Re: Records for Ellis Island deportations #records
I’ve been thinking about your question for a long time, wondering how to answer in a simple way. This is my long-winded attempt:
Several of the replies below have good information that helps. For example, David stressed the importance of examining the List of Aliens Held for Special Inquiry to look for clues, and includes the caveat that “only a few BSI hearing records survive.” That is true. Only cases where the decision of the Board of Special Inquiry was appealed survive.
But when I went to look at the BSI List for your Ettel and Riwke Rand, I saw a big clue—a stamp (upside down) saying “HOLD ON APPEAL.” So there was an appeal in their case. If that file survives it should be at the National Archives in Washington, DC. But it cannot be requested without a file number.
Another reply came from Wendy, who was able to obtain just such a file from NARA after obtaining information from USCIS. My guess is USCIS searched their internal index upon Wendy’s request and replied by providing her the file number needed for NARA to locate the file. But can we find Ettel Rand’s file number without asking USCIS? In many cases, yes.
First, I searched the INS Subject Correspondence index 1906-1957 (T458), now searchable by name on Ancestry.com here. I searched by name (Rand, R*nd, etc.) and found nothing. I was unable to search on the cause of exclusion (health condition) because we didn’t know what ailed her/them. I searched the ship name (RYNDAM, RJINDAM, etc.) and learned the first card for that ship is dated May 1908. So your Rand case seems to be too early for the INS Subject Index/T458.
So second, I searched the INS Name Index ca. 1893-1932, which actually dates ca. 1898-1903 with some as late as 1911. This index is made of two parts (two indexes, really) and ONE part is digitized and searchable in the NARA online catalog here. But again, I could not find any reference to Ettel or Riwke Rand. [The other half/other index is digitized and being indexed by NARA staff, who are working hard. Perhaps those cards cover the time period you need? Time will tell.]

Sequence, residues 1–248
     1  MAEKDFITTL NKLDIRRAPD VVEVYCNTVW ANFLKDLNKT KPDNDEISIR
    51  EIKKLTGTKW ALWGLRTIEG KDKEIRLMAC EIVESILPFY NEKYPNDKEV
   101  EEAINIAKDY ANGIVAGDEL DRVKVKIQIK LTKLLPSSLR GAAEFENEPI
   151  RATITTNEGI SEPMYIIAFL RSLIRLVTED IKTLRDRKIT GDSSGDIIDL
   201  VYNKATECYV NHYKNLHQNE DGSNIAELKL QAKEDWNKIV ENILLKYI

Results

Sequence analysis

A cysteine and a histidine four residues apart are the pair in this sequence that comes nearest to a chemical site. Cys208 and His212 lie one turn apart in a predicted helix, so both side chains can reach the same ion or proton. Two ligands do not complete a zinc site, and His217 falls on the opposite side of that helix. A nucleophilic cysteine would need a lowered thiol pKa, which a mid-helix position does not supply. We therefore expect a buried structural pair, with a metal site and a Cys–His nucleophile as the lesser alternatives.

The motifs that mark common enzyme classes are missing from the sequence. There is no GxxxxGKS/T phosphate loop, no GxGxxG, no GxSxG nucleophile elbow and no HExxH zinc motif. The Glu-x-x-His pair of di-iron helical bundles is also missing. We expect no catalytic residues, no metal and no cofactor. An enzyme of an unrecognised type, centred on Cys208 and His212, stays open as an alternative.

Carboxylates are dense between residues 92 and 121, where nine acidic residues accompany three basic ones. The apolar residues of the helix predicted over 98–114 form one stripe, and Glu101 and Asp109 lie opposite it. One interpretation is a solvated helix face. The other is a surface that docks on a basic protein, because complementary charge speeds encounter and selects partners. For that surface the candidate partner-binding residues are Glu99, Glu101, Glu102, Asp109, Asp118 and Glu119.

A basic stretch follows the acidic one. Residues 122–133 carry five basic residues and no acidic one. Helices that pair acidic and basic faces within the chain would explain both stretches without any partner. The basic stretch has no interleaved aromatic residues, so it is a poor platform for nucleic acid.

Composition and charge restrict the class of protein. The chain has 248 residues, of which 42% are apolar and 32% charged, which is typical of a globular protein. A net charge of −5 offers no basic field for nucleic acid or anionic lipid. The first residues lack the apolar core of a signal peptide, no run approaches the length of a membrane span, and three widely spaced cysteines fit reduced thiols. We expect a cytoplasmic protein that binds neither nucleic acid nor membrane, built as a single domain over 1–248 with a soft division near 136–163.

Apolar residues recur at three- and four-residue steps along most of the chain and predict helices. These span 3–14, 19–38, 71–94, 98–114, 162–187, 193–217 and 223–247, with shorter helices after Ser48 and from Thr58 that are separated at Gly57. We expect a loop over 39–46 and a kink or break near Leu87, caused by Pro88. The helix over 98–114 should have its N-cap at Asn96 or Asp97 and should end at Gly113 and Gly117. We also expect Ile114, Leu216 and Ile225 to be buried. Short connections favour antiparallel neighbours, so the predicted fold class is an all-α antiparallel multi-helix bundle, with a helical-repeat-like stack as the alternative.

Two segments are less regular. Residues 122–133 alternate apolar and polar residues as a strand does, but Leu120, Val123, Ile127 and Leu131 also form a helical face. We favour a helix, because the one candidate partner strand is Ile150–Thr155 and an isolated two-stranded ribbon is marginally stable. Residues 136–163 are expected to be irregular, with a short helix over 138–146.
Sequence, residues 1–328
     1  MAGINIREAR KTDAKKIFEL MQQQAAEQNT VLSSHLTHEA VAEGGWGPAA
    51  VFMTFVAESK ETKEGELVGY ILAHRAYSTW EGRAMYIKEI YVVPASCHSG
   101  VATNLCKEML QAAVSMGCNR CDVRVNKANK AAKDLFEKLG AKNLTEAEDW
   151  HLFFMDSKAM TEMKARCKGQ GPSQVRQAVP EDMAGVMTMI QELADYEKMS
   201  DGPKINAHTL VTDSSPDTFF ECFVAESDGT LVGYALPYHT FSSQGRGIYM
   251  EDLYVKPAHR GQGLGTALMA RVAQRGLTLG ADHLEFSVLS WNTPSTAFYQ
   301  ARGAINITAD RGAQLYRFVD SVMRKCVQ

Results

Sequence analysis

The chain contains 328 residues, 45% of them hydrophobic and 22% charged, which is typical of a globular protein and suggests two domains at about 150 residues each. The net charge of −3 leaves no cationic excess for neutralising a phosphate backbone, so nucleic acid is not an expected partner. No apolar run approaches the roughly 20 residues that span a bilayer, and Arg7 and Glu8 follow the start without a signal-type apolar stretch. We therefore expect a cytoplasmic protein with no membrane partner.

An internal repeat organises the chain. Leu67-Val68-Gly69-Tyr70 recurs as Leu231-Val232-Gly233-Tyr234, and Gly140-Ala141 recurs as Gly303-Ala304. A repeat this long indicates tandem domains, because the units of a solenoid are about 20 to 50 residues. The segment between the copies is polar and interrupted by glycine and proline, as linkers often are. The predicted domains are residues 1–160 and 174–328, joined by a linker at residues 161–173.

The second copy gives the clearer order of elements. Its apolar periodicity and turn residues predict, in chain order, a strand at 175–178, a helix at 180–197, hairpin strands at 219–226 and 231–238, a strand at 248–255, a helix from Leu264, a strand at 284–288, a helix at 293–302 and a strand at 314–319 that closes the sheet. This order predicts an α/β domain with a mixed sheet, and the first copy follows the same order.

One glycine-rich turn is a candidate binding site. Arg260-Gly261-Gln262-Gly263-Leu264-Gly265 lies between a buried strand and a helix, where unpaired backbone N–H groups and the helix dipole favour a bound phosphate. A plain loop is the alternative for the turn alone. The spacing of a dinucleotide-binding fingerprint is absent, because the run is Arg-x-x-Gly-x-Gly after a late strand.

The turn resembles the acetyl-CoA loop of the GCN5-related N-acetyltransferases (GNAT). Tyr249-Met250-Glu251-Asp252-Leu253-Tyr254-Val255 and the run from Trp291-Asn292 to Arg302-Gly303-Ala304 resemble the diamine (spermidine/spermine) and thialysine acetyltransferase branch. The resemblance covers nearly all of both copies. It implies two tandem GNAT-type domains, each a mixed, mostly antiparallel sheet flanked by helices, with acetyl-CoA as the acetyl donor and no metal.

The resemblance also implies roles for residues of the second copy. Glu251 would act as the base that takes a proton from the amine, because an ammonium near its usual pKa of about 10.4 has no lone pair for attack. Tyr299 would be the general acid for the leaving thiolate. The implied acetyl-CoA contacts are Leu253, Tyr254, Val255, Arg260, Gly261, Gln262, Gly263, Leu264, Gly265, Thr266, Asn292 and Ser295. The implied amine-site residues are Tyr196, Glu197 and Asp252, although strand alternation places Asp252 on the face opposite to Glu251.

Not giving up, I went back to the December 1907 RYNDAM passenger list, specifically to the BSI lists at the end, and looked for other passengers who were deported or might have had an appeal. Usually, if I can find a few other cases from the same ship I can find at least one of those names in the INS Subject Index or the Name Index (both discussed above). The reason I do so is because all the appeal cases from New York (or any other port) were forwarded in batches (or bunches) to Washington, DC. In Washington, INS typically assigned all the files in a batch with consecutive numbers. Thus if I can find another case from that day I can identify a file number very close to the one I seek. Usually.
In this case I could not find any of the names of deported passengers from the RYNDAM. So I searched for ships before and after, first from the same day, then a day before and day after. Still no luck. What I learned is there is a gap in the indices from late 1907 to early 1908. I do not know why. I assume the files are there but are not indexed by anything publicly available.
There is a good chance USCIS could find the reference in their Master Index and provide you the needed number. Sadly that means a USCIS Genealogy Program Index Search Request ($65). If you submit a request to USCIS, include a note or comment that you especially want them to look for “an archives card.”
p.s. I did have one other idea, but it would not provide the needed appeal file number. Correspondence FROM Ellis Island from 1903 to 1912 survives (tissue copies) at NARA in Washington, DC, catalog record here. It is filed chronologically with many letters outgoing each day, including the cover letters transmitting appeals to Washington. The first hearing in Ettel’s case was Dec 11th, something was withdrawn Dec. 17th, and deportation took place Jan 7th. Searching these would require starting at December 11, 1907 and reading forward (for maybe a week?) looking for the letter naming Ettel Rand. The letter itself would be boilerplate and, as I said, would not provide the file number needed. But it would give a good idea of the date when the file was opened in Washington (1 or 2 days after the date of the Ellis Island letter).